While not able to address research issues directly, Georgia Memory Net is able to target services to better meet the needs of minority and other underserved groups. MACs are geographically distributed to be accessible to minority populations in urban centers, while balanced with other rural locations where access to expert care can be highly limited.
Georgia Memory Net increases access to care
To assist populations that have previous struggled to receive treatment for cognitive conditions, Georgia Memory Net MACs provide Community Service Educators (CSEs) as a non-billable to service to patients and families to help connect each patient with a tailored care profile. We also work with Federally Qualified Health Centers (FQHCs) to help those struggling with health coverage to both receive screening services and to be able to deliver care once a treatment plan is devised.
Here’s how it works:
- During the first visit, a patient and their care partner(s) will meet with a CSE and undergo detailed cognitive testing up and above what’s available in the AWV. Any necessary labs and imaging are performed in order to make a specific diagnosis.
- During the second visit, a clinician and the CSE will establish a care plan and then a “warm hand off” will occur for the patient to return to their PCP. The patient and care partner will also be connected with local resources and support to protect the physical and emotional health of both parties.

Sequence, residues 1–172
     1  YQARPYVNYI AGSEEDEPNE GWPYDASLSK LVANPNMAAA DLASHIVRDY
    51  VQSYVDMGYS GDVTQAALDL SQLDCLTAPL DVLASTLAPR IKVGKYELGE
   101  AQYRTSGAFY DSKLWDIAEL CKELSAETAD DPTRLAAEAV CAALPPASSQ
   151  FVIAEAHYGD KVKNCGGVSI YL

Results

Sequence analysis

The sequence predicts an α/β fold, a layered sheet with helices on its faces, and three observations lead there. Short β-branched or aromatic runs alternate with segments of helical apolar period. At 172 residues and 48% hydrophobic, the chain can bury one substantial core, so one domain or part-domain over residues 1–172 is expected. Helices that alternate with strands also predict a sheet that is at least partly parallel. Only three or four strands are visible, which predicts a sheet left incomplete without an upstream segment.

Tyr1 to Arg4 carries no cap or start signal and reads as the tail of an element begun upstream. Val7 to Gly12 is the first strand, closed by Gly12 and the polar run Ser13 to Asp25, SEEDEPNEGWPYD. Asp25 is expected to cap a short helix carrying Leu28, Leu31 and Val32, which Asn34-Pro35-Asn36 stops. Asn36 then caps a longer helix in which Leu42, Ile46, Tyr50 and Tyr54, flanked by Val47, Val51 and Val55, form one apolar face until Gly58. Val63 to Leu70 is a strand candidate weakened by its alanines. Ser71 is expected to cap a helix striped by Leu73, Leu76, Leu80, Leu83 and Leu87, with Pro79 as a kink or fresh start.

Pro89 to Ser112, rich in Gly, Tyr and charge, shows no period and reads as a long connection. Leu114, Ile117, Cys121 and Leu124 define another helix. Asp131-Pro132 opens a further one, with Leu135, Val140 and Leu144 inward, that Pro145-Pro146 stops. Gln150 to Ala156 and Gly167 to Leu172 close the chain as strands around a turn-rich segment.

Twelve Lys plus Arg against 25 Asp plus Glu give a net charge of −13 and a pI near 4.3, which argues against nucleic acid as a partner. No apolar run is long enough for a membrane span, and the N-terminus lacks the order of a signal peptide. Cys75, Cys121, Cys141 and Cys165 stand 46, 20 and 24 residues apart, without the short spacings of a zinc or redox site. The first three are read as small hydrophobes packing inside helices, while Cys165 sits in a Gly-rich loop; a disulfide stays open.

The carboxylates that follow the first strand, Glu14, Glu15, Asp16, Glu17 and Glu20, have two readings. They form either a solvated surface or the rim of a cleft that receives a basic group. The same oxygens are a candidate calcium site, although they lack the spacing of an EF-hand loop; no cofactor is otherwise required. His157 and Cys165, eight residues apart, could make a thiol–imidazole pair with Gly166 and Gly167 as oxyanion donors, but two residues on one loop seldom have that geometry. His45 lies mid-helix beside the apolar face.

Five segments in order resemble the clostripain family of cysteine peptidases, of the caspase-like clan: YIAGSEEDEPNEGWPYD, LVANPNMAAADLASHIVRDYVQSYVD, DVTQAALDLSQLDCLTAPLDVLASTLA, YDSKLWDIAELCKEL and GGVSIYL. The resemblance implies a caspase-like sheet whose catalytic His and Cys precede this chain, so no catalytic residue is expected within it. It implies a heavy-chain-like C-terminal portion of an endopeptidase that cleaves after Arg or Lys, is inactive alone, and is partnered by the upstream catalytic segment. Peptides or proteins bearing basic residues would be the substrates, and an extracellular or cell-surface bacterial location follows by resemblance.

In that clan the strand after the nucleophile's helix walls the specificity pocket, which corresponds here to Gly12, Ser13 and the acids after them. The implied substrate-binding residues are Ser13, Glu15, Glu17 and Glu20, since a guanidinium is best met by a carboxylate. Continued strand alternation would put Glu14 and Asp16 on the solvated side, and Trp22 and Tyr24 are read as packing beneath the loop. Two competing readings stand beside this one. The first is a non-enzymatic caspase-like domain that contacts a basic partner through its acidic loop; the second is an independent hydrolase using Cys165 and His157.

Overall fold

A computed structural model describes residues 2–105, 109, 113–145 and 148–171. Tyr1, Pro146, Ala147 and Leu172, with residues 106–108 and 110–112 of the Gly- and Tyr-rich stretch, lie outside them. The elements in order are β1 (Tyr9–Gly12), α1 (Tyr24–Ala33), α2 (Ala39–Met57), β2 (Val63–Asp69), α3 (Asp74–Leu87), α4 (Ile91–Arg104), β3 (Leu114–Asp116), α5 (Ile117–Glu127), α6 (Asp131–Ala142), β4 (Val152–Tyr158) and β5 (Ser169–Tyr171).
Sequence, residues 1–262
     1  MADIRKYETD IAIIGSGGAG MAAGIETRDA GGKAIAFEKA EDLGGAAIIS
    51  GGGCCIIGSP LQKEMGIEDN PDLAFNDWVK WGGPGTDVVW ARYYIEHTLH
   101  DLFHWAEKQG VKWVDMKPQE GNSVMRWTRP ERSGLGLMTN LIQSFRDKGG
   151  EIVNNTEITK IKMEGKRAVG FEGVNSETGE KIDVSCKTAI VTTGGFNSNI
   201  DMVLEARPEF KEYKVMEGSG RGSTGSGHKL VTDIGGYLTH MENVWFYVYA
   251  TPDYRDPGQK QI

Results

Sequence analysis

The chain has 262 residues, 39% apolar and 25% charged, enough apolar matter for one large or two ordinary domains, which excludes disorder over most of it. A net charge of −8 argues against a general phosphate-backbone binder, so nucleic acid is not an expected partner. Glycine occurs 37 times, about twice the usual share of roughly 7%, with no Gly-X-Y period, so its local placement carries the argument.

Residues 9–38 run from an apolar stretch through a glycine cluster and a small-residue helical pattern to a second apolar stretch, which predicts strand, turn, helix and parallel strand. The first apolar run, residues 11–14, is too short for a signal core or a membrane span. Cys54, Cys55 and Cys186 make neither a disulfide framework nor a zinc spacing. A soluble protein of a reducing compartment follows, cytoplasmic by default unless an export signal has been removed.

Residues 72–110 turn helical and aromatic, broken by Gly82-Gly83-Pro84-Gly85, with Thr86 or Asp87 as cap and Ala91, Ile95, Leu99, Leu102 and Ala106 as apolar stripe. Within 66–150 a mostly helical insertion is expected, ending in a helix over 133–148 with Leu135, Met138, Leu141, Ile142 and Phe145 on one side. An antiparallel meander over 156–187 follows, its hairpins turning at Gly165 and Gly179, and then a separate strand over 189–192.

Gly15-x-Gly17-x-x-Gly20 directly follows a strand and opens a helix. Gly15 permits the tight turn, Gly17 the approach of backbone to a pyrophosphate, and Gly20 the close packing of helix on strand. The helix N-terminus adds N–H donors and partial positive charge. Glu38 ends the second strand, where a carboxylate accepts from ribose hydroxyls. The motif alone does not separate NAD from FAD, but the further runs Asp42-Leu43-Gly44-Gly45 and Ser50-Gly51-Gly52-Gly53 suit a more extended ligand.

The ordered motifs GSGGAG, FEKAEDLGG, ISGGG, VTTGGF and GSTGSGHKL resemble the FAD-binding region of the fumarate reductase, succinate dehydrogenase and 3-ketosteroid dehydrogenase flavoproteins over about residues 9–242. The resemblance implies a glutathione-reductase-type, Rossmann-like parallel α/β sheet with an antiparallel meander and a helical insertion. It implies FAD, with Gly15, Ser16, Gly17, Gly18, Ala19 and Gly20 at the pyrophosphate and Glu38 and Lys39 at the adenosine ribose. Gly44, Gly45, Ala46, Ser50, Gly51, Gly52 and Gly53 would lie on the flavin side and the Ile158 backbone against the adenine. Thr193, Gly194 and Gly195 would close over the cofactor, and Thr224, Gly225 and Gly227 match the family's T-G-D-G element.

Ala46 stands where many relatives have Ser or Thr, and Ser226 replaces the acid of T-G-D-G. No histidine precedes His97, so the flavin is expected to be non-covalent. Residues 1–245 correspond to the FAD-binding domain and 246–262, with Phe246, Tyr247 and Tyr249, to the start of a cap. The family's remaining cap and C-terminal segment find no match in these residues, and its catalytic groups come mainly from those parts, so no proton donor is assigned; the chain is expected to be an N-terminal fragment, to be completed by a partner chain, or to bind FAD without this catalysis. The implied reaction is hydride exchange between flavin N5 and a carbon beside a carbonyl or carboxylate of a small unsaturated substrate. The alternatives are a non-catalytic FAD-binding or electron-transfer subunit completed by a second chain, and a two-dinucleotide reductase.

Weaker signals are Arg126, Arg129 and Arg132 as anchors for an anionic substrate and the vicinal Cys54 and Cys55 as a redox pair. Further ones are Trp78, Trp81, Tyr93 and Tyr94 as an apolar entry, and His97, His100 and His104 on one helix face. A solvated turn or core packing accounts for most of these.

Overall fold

- Another essential componential of the Georgia Memory Net model is tracking and reevaluation. We follow patients to ensure their treatment is working effectively and to provide continuing education and support. We also constantly search for new ways to provide better care for patients and to ensure stronger relationships within the PCP community.
How this benefit PCPs
Once a possible cognitive condition is identified, a stage 2 evaluation is typically a two-hour visit not often covered by private insurance or Medicare. Georgia Memory Net alleviates this burden from physicians and prepares them for the next stage of care with a specific diagnoses and treatment plan. Beyond clinical treatments such as medication, Georgia Memory addresses continuing education and support needs for patients and families, as they are often their own best advocates, and sit squarely at the center of the spectrum of care. Whether it’s patient and families, or the clinicians that care for them, our goal at Georgia Memory Net is to make sure that no one is ever alone when charting the path forward to deal with Alzheimer’s or any other cognitive issue. It’s how we plan to make a substantive improvement in the health of the aging population in the State of Georgia, and a model we hope to someday rollout nationwide.
Georgia Memory Net at a Glance
Why is Georgia Memory Net here? There’s so much information about Alzheimer’s and related dementias in Georgia, and how to diagnose and treat them, that it can become overwhelming. We’ve done our best to simplify the info into a clear one-page infographic.